Effect of Dietary Electrolyte Balance on Water Intake, Litter Moisture and Production of Broiler chicks at Pre-Starter and Starter Phases


Underestimating the negative impacts of ammonia produced in litters of poultry birds raised under high temperature-humidity index is dangerous, as broiler chickens (BC) are sensitive to high ammonia concentrations which can result in blindness and overall decrease in productive performance. Hence, it is ideal to maintain litter moisture by optimizing the utilization of water by broiler chicks. The balance of acid-base in broilers could be enhanced by supplementing diets or water of BC under heat stress with electrolytes. However, electrolytes increase water intake and might affect litter quality. Therefore, effect of varying dietary electrolyte balance (DEB) on water intake (WI), litter moisture (LM) and productive performance of BC were investigated at pre-starter and starter phases using a total of three hundred, 1-day-old Arbor Acre chicks that were randomly allotted to six dietary treatments [210 (T1), 240 (T2), 270 (T3), 300 (T4), 330 (T5) and 360 (T6)] mEq/Kg DEB, in a completely randomised design. Birds were reared at pre-starter phase (PSP) of 0 - 14 days and starter phase (SP) of 14 - 21 days, under the temperature-humidity index of 24.97 - 35.19. Water intake and litter moisture were monitored. Data were analysed using descriptive statistics and ANOVA at α0.05. Water intake was enhanced at PSP and SP in birds on 360 mEq/kg, but with increased litter moisture. However, a dietary electrolyte balance of 270 mEq/kg improved performances of broiler chicks at pre-starter and starter phases.

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Popoola, I. , Oshibanjo, D. , Popoola, O. , Okuneye, T. , Ilaboya, I. and Iyayi, E. (2019) Effect of Dietary Electrolyte Balance on Water Intake, Litter Moisture and Production of Broiler chicks at Pre-Starter and Starter Phases. Open Journal of Animal Sciences, 9, 472-480. doi: 10.4236/ojas.2019.94036.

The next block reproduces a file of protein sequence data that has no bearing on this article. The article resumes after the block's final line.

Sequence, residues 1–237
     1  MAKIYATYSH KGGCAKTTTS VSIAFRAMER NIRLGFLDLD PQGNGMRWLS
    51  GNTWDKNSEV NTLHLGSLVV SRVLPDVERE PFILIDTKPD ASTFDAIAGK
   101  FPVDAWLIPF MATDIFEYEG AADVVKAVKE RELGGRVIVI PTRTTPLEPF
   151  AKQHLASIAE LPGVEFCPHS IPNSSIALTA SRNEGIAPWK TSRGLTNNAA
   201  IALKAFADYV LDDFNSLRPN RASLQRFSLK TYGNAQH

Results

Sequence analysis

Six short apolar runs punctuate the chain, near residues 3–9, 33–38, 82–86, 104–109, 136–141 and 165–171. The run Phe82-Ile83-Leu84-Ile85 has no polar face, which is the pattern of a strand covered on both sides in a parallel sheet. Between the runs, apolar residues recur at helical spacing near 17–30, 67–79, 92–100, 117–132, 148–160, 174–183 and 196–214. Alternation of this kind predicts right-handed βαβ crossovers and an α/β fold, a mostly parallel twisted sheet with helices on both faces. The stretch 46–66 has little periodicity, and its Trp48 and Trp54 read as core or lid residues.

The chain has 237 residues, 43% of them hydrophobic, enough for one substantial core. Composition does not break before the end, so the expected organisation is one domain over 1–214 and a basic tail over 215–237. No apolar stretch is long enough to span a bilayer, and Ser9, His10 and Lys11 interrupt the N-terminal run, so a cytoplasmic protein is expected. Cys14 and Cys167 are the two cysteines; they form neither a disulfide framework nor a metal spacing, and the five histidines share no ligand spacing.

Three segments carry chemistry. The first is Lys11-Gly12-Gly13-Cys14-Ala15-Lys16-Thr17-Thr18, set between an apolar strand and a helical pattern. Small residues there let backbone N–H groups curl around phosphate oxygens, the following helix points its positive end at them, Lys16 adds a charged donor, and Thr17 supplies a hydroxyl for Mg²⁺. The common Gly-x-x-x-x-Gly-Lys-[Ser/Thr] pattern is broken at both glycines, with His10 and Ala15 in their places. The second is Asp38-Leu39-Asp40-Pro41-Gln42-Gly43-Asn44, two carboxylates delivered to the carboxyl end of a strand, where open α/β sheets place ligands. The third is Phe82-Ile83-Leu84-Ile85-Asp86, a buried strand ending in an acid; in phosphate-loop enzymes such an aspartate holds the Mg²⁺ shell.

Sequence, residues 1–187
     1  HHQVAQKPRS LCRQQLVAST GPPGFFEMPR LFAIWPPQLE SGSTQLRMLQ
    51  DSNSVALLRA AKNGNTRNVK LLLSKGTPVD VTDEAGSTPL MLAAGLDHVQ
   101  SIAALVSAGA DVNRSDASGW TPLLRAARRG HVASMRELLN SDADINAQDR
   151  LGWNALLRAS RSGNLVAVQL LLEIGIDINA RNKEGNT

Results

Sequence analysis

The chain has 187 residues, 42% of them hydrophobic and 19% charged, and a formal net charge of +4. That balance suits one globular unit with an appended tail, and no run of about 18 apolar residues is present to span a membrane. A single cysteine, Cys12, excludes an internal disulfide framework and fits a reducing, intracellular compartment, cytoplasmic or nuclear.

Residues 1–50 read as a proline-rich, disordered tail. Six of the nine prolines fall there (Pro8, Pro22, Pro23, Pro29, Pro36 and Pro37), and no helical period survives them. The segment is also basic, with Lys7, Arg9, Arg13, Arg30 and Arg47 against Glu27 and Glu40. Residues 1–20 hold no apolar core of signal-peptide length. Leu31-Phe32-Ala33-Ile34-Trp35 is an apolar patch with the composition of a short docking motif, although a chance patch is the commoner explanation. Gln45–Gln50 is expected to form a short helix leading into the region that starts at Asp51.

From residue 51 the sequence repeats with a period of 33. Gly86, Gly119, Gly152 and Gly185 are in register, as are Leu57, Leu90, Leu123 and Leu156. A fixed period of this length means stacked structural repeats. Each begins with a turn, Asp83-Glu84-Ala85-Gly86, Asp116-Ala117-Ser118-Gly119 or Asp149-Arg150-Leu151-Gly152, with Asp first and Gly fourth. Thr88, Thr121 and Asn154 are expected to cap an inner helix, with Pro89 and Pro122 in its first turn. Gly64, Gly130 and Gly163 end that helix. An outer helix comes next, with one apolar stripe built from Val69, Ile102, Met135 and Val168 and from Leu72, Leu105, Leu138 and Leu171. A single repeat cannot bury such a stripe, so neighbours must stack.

1. Introduction

Water is crucial in poultry nutrition, as it functions in metabolism, regulation of body temperature, transport of nutrients and excretion of waste materials [1]. [2] reported that it is an acceptable practice to daily monitor birds’ water consumption, which gives an early indication of a health problem when water consumption is compared to the standard consumption expected. [3] reported that water consumption in birds can be affected by factors such as environmental conditions; feed and water quality, among others like external air humidity, type and management of a drinker system, age and weight of birds [4]. [5] reported that inadequate management practices in a poultry house leading to increased ammonia concentration in air often result in health problems including contact dermatitis, enteritis and respiratory diseases. [6] noted that drier poultry litter reduces the emission of ammonia into the environment, and this would help avoid environmental and animal welfare problems, with increasing economic profits as one of the end results. Feed ingredients may also affect the rate of water consumption and excretion [7]. However, [2] concluded that daily water consumption is a reliable indicator of broiler performance. Respiratory alkalosis is a product of heat stress, a condition of excess blood bicarbonate reacting with other ions such as sodium ion (Na+), calcium ion (Ca2+), magnesium ion (Mg2+), and potassium ion (K+) before being eliminated [8]. Hence, maintenance of bird’s acid-base balance is crucial for efficient performance under high temperature as suggested by [9]. Additional potassium and sodium are favorable for birds reared in heat stress environment, but also increases water intake. Therefore, this study aimed at assessing the effect of different dietary electrolyte balance and water intake on the feeding potential and excreta quality of broiler chicks reared under heat stress at pre-starter and starter phases.